Today, deep-fried food is almost as American as apple pie—which, incidentally, can be dunked into a vat of oil and emerge with a greasy, crunchy coating, along with almost any kind of food. So it’s no surprise that, for some, deep-frying a turkey is a Thanksgiving tradition.
What if you invented something that could save the lives of babies and their mothers during childbirth? Would you spread the technology freely, or ration its access to maximize your profits? The Chamberlen family, inventors of the forceps — a pair of tong-like instruments used to make difficult births more safe — chose the profits route.
A British academic believes she has identified the precise spot of the elusive Hanging Gardens of Babylon – in one of the most dangerous places on earth
Ancient texts tmay have revealled what could be the site of the Hanging Gardens of Babylon Photo: ALAMY
It is the only one of the Seven Wonders of the Ancient World for which the location has for centuries remained elusive.
Now, though, an academic from Oxford University believes she has solved one of the world’s last great archaeological mysteries by identifying the precise spot on which the Hanging Gardens of Babylon once stood.
Dr Stephanie Dalley focused her search hundreds of miles north of the site of the ancient city of Babylon, now near Hillah, in central Iraq, to support her theory that the lush, elevated marvel was in fact built near the city of Ninevah, in the north of the country.
The believed site of the Hanging Garden of Babylon, in the foregound, on a mound near the ancient city of Ninevah, northern Iraq (CHANNEL FOUR)
From piecing together clues from ancient texts, the academic has uncovered evidence that the gardens were in fact produced not by the Babylonians and their king Nebuchadnezzar, as has traditionally been assumed, but rather by their neighbours and foes, the Assyrians under their monarch, Sennacherib, around 2,700 years ago.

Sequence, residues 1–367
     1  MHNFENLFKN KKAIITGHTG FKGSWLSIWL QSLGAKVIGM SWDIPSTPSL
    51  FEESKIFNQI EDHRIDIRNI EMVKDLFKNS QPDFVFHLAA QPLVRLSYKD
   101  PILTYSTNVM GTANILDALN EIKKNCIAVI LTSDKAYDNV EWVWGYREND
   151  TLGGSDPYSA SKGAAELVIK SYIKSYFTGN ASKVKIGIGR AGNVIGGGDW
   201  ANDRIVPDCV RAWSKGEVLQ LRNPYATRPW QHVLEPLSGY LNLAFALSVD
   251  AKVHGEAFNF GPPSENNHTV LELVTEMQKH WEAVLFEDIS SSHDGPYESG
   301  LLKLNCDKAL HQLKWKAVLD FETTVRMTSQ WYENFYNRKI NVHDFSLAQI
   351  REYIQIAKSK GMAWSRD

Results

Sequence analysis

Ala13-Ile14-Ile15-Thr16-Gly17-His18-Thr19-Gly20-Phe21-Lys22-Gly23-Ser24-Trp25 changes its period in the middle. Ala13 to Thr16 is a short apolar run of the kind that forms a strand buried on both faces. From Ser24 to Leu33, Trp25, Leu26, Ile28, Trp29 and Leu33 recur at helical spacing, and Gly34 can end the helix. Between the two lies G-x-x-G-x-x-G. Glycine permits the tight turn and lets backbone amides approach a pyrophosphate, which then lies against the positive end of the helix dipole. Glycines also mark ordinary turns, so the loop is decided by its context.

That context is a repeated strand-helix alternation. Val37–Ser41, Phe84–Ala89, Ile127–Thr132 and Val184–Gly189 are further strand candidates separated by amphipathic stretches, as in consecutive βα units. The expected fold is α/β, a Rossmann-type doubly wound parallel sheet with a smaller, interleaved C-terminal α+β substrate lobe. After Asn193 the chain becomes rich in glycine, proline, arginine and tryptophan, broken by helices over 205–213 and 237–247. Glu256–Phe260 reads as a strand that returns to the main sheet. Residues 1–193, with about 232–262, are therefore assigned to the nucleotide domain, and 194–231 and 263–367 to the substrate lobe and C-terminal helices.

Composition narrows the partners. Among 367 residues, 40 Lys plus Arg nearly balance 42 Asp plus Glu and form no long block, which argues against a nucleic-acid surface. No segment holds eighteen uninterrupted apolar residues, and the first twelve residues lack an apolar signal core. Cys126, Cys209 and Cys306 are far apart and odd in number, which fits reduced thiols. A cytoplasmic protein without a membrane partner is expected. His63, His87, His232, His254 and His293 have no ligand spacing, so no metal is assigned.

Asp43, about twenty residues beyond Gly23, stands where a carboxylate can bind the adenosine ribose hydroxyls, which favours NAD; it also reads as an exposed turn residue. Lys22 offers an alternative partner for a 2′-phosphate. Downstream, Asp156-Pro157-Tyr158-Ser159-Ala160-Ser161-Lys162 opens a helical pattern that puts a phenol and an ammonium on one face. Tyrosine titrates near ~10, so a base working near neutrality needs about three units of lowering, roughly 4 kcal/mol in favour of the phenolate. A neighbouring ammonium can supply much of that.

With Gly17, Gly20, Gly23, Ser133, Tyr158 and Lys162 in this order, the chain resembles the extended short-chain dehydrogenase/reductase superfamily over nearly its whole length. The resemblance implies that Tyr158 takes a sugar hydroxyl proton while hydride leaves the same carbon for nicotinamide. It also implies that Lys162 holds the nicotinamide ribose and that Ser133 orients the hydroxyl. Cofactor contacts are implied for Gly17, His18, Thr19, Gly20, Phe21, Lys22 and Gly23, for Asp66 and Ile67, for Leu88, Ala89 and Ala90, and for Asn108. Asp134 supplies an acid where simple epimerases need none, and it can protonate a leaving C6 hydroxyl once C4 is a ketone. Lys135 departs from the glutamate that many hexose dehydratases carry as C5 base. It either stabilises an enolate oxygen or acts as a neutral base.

Weekend declaration by China ratchets up chances of conflict with Japan and the U.S.
The news of a welcome, if temporary, early-Sunday diplomatic breakthrough between the international community and Iran over its nuclear-development efforts overshadowed a far more ominous announcement from China.
Beijing declared an “air-defense identification zone” Saturday over a swath of the East China Sea that is home to islands administered by Japan. It could spin out of control far more quickly than the spinning Iranian centrifuges that much of the world believes Tehran has been using to develop nuclear weapons. The eight barren isles — two of which are under control of the U.S. military — are called the Senkaku Islands (in Japan) and the Diaoyu Islands (in China).
Why They’re Important: Well, for one thing, they’re the most long-lived of the Doctor Who monsters — and also the most popular, appearing in every season of the revived show since 2005. They’re also an integral part of the larger Who mythology, having been named as the enemies of the Time Lords during the Great Time War which eventually led to the eradication of the Doctor’s race. Not bad for a pun of shrill-voiced pepper pots.